Charlotta Aurora De Geer

Charlotta Aurora De Geer later Gyldenstolpe and Wetterstedt (1779–1834), was a politically influential Swedish countess, salonist and courtier.

Charlotta Aurora De Geer



Born to the royal court chamberlain baron Johan Jakob De Geer af Finspång and Fredrika Aurora Taube. She served as hovfröken to Princess Charlotte until her marriage in 1796; statsfru to the queen, Frederica of Baden, in 1800-1809, and överhovmästarinna to queen dowager Charlotte in 1818. During her tenure as courtier of Frederica, she appears to have been somewhat favored: she was one of the two ladies-in-waiting chosen to accompany the queen to Finland in 1802 (with countess Christina Frölich) and to Germany in 1803-05 (with countess Caroline Oxenstierna).[1]


On 12 April 1796 in Stockholm Castle she married her relative, Major General and governor Count Nils Gyldenstolpe. She divorced in 1810, and married the politician count Gustaf af Wetterstedt in 1811. Charlotta Aurora De Geer was described as a beautiful wit, and belonged to the leading central figures of the Swedish capital's society in the first decades of the 19th century. She hosted a salon which functioned as a political forum, and were King Charles XIII of Sweden, was a frequent guest, as was Prince William Frederick, Duke of Gloucester and Edinburgh, during his visit to Sweden in 1801-02. She influenced politics herself by making her salon a forum for political discussions, as a 19th-century author described it: "Through the wife of count Wetterstedt, the society life in his home became the most sophisticated and interesting, and foreigners frequented it more than many others widely known. The countess was widely amused by state affairs and often exposed the lions of the opposition to criticism; at least many spoke her little of the fact that he voted with the opposition, so as not to be forgotten in the next invitation by this shining hostess."[2]

The affair of the crown princeEdit

She belonged to the intimate circle of friends around the king and crown prince in the early 1820s, where she, Gustaf Lagerbielke, Mariana Koskull and the wife of the Dutch ambassador were prominent members of the French language amateur theater at Rosersberg Palace. During this period, she introduced her daughter Jaquette Löwenhielm to this intimate circle. When her daughter and crown prince Oscar became lovers, she prevented her son-in-law from removing her daughter from court: her son-in-law commented that whether she was truly unknowing or just pretended not to know, she nevertheless refused to prevent or stop it and by her actions rather ensured that the love affair could continue.[3]

The marriage of the crown princeEdit

When the marriage of the crown prince was to be arranged, she contributed to the list of candidates. While baron von Böhnen spoke in favor of Josephine of Leuchtenberg, whom he managed to include as number two on the list, De Geer pointed out that the father of Leuchtenberg was a mere titular monarch and related through the queen of Bavaria to the deposed Swedish queen Frederica of Baden, and that the queen of Bavaria had plans to reinstate her nephew in the Swedish succession.[3] Instead, she promoted Princess Marie Frederica of Hesse-Kassel, daughter of her personal friend Augusta of Prussia, who favored the match, and managed to have her listed as number three.[3]> When Oscar and his entourage made a trip through Germany in 1822-23 to meet prospective brides, Charlotta Aurora De Geer arranged for her spouse and son-in-law to accompany him. Prior to the official trip of prince Oscar, however, baron von Böhnen visited Hesse and informed the electress Augusta that the Bernadotte dynasty could be deposed at any moment and that Sweden had further more deposed or murdered its latest regents.[3] Shortly thereafter, Charlotta Aurora De Geer arrived to Hesse and informally made a proposal on behalf of the crown prince.[3] She was given a negative reply, which made the entourage of Oscar to decide against a visit to Hesse and instead continue from Copenhagen directly to Leuchtenberg.[3]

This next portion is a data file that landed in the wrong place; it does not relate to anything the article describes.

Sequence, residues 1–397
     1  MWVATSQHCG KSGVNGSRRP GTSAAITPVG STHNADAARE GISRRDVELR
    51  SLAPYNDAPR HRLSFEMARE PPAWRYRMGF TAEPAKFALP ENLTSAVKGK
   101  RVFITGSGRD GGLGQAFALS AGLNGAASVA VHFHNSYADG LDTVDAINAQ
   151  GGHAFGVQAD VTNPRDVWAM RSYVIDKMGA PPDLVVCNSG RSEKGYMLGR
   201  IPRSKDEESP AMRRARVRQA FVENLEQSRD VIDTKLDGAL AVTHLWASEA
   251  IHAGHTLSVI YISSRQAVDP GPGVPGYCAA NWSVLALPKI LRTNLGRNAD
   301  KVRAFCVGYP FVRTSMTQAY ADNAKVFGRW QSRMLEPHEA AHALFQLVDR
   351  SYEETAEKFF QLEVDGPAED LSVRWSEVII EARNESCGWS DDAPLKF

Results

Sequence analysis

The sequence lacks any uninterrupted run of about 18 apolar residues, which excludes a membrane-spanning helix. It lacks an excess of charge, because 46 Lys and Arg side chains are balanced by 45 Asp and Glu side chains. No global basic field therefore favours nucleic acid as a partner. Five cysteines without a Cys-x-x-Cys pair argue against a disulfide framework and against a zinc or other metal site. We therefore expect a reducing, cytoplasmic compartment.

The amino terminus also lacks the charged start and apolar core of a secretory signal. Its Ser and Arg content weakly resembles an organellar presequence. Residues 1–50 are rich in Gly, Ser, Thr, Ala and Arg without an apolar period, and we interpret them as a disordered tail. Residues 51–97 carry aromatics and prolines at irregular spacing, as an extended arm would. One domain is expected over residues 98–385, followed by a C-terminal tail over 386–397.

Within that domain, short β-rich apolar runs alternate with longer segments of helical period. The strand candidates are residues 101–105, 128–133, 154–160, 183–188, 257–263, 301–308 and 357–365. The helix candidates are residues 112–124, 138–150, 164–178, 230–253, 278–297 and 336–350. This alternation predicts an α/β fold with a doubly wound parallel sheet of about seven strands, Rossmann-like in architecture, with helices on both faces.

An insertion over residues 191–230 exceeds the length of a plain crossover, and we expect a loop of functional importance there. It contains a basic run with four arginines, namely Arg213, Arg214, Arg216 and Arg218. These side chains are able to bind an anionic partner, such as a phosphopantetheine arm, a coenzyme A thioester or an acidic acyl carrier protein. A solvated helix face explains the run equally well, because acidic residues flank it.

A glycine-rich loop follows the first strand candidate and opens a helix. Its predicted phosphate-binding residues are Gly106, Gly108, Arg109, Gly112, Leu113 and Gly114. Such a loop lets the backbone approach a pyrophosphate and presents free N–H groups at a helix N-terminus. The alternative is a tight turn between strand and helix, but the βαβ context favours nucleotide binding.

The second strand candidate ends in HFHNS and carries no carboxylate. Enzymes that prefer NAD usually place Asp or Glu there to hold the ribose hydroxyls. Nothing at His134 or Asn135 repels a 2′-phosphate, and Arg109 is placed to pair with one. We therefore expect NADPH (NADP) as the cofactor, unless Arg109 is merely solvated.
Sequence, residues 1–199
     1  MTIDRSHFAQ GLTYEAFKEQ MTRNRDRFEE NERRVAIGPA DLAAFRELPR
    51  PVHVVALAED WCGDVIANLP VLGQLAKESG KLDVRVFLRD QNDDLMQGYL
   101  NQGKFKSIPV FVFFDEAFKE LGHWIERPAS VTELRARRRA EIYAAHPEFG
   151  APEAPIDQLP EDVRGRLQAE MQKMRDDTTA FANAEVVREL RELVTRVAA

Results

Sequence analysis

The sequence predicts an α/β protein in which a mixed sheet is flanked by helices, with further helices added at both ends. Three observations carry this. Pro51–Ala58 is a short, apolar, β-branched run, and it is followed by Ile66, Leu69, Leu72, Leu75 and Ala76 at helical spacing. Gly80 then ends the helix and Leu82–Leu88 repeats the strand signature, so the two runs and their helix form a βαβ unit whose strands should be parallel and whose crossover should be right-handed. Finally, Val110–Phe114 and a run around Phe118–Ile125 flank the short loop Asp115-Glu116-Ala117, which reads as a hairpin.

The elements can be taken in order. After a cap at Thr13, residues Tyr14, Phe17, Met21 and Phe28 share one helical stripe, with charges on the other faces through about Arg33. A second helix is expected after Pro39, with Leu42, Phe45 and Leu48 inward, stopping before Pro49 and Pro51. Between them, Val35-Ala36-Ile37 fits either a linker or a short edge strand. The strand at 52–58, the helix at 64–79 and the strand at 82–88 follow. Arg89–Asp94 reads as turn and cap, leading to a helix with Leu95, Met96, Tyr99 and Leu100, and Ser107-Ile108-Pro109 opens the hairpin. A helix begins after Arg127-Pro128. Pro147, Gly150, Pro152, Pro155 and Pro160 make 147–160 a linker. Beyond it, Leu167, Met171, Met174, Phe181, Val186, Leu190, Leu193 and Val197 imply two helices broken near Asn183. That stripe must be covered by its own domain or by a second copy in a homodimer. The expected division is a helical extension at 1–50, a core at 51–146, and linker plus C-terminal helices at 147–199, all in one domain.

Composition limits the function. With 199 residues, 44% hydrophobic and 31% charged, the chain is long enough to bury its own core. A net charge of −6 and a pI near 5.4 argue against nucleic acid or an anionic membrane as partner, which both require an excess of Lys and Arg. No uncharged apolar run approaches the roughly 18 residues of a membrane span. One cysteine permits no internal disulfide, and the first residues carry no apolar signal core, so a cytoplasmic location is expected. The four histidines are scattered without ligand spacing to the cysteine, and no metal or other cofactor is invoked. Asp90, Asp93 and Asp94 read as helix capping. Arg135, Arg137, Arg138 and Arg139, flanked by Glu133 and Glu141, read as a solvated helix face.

1. ^ Cecilia af Klercker (1936). Hedvig Elisabeth Charlottas dagbok VII (1800–1806). Stockholm: Norstedt & Söners förlag.
  2. ^ Wilhelmina Stålberg: Anteqningar om Svenska kvinnor (Notes on Swedish women) (Swedish)
  3. ^ a b c d e f Robert Braun (1950). Silvertronen. En bok om drottning Josefine av Sverige-Norge. Stockholm: Norlins förlag. Sid. 27-30.
  • Wilhelmina Stålberg: Anteqningar om Svenska kvinnor (Notes on Swedish women) (Swedish)
  • Cecilia af Klercker (1923). Hedvig Elisabeth Charlottas dagbok V 1795-1796. P. A. Norstedt & Söners förlag Stockholm. p. 343. 231845.
  • Cecilia af Klercker (1936). Hedvig Elisabeth Charlottas dagbok VII (1800–1806). Stockholm: Norstedt & Söners förlag.